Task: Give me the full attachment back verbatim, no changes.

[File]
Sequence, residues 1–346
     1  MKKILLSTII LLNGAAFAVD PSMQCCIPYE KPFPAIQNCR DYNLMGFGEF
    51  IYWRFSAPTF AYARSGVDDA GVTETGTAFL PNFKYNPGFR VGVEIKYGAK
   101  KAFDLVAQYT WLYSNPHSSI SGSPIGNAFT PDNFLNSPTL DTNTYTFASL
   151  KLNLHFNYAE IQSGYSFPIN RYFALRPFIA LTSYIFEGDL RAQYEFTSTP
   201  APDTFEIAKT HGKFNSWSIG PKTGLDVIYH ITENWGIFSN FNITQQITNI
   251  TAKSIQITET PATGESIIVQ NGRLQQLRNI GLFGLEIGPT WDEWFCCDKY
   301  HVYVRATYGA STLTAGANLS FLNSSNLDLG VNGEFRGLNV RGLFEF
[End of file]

Sequence, residues 1–346
     1  MKKILLSTII LLNGAAFAVD PSMQCCIPYE KPFPAIQNCR DYNLMGFGEF
    51  IYWRFSAPTF AYARSGVDDA GVTETGTAFL PNFKYNPGFR VGVEIKYGAK
   101  KAFDLVAQYT WLYSNPHSSI SGSPIGNAFT PDNFLNSPTL DTNTYTFASL
   151  KLNLHFNYAE IQSGYSFPIN RYFALRPFIA LTSYIFEGDL RAQYEFTSTP
   201  APDTFEIAKT HGKFNSWSIG PKTGLDVIYH ITENWGIFSN FNITQQITNI
   251  TAKSIQITET PATGESIIVQ NGRLQQLRNI GLFGLEIGPT WDEWFCCDKY
   301  HVYVRATYGA STLTAGANLS FLNSSNLDLG VNGEFRGLNV RGLFEF